Review: The Cheerleaders

First there was the car accident—two girls gone after hitting a tree on a rainy night. Not long after, the murders happened. Those two girls were killed by the man next door. The police shot him, so no one will ever know why he did it. Monica’s sister was the last cheerleader to die. After her suicide, Sunnybrook High disbanded the cheer squad. No one wanted to be reminded of the girls they lost.

That was five years ago. Now the faculty and students at Sunnybrook High want to remember the lost cheerleaders. But for Monica, it’s not that easy. She just wants to forget. Only, Monica’s world is starting to unravel. There are the letters in her stepdad’s desk, an unearthed, years-old cell phone, a strange new friend at school. . . . Whatever happened five years ago isn’t over. Some people in town know more than they’re saying. And somehow Monica is at the center of it all.

There are no more cheerleaders in Sunnybrook, but that doesn’t mean anyone else is safe.

I found this book to be a fun mystery that was definitely full of twists and turns, but it didn’t quite hit the mark for me. There were a number of plot elements that I felt were unnecessary and didn’t really add anything to the story, but rather detracted from it. Also I kind of felt like the Monica at the beginning of the book was a completely different person to the Monica at the end of the book, and not just because she grew as a character.

I did definitely enjoy the twists and turns, as well as the constructing of the puzzle as more and more of the mystery regarding the deaths of the cheerleaders was revealed. Everything was resolved at the end in a satisfying way and I did feel like everything was answered. The writing was easy to read and engaging. Overall I think a lot of people will enjoy this book, but it just wasn’t entirely for me.

Happy reading!

Blog Tour: Don’t Read the Comments

Slay meets Eliza and Her Monsters in Eric Smith’s Don’t Read the Comments, an #ownvoices story in which two teen gamers find their virtual worlds—and blossoming romance—invaded by the real-world issues of trolling and doxing in the gaming community.

Divya Sharma is a queen. Or she is when she’s playing Reclaim the Sun, the year’s hottest online game. Divya—better known as popular streaming gamer D1V—regularly leads her #AngstArmada on quests through the game’s vast and gorgeous virtual universe. But for Divya, this is more than just a game. Out in the real world, she’s trading her rising-star status for sponsorships to help her struggling single mom pay the rent.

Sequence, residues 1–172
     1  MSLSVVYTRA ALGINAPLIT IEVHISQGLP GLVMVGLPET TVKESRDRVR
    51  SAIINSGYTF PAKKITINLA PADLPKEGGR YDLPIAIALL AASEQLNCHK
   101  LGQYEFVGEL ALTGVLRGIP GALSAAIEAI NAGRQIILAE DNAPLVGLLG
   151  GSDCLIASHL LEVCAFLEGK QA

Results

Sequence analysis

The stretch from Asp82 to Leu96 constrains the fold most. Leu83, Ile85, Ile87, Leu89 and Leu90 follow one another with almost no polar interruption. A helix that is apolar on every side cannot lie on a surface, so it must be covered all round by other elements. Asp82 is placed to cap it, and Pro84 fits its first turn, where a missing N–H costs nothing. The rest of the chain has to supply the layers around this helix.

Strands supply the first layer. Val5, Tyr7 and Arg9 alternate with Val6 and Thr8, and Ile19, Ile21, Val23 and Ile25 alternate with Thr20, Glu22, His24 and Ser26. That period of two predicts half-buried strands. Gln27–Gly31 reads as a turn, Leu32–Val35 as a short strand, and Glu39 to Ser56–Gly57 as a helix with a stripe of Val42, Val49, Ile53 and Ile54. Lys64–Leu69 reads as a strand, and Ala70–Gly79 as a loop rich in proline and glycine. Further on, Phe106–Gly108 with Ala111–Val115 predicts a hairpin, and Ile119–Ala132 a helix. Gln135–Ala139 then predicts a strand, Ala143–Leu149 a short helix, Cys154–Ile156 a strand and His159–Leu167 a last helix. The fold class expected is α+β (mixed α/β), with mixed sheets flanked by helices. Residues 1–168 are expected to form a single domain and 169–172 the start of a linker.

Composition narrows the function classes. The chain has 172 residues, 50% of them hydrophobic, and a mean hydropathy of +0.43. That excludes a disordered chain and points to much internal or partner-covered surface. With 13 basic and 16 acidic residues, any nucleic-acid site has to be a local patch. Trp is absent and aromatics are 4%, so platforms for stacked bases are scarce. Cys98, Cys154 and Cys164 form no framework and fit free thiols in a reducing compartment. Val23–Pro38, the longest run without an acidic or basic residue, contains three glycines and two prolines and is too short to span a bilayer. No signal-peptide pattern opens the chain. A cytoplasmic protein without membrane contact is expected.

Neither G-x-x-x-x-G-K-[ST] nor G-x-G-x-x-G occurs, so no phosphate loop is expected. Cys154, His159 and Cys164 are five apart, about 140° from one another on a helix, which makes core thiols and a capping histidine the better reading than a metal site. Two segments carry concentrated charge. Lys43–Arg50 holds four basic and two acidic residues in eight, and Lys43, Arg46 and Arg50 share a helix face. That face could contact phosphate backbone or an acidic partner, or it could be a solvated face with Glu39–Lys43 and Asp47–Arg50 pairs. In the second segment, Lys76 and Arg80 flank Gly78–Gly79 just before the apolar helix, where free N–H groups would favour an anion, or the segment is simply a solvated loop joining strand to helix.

Gaming is basically Aaron Jericho’s entire life. Much to his mother’s frustration, Aaron has zero interest in becoming a doctor like her, and spends his free time writing games for a local developer. At least he can escape into Reclaim the Sun—and with a trillion worlds to explore, disappearing should be easy. But to his surprise, he somehow ends up on the same remote planet as celebrity gamer D1V.

At home, Divya and Aaron grapple with their problems alone, but in the game, they have each other to face infinite new worlds…and the growing legion of trolls populating them. Soon the virtual harassment seeps into reality when a group called the Vox Populi begin launching real-world doxxing campaigns, threatening Aaron’s dreams and Divya’s actual life. The online trolls think they can drive her out of the game, but everything and everyone Divya cares about is on the line…And she isn’t going down without a fight.

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I was super excited about this book when I heard about it. Being a gamer myself I’m very aware of the toxicity that can be found in the gaming community, especially when it comes to female players, so having a book that tackles this head on was such a joy to see.

I was not disappointed at all and can easily say that Don’t Read the Comments will likely appear in my favorite books of the year list. It not only discussed the gaming community and how celebrities in that community are treated, but also addressed other issues in the gaming community, different family dynamics and issues and so much more. The discussion regarding how Divya guards her identity and information out of fear of being pursued or doxxed is something that is seen in a number of industries, not just the gaming community.

I fell in love with so many of the characters, even when they perhaps weren’t acting the best. They were all moving cogs within the story that contributed greatly to the plot. There were also wonderfully inserted moments of humor that not only lightened the events, but perfectly added a realness to the story.

This was really such a wonderful read and I wholeheartedly recommend it.

Eric Smith is an author, prolific book blogger, and literary agent from New Jersey, currently living in Philadelphia. Smith cohosts Book Riot’s newest podcast, HEY YA, with non-fiction YA author Kelly Jensen. He can regularly be found writing for Book Riot’s blog, as well as Barnes & Noble’s Teen Reads blog, Paste Magazine, and Publishing Crawl. Smith also has a growing Twitter platform of over 40,000 followers (@ericsmithrocks).

Social Links: 
Author website: https://www.ericsmithrocks.com/
Twitter: @ericsmithrocks 
Instagram: @ericsmithrocks
Facebook: @ericsmithwrites

Happy reading!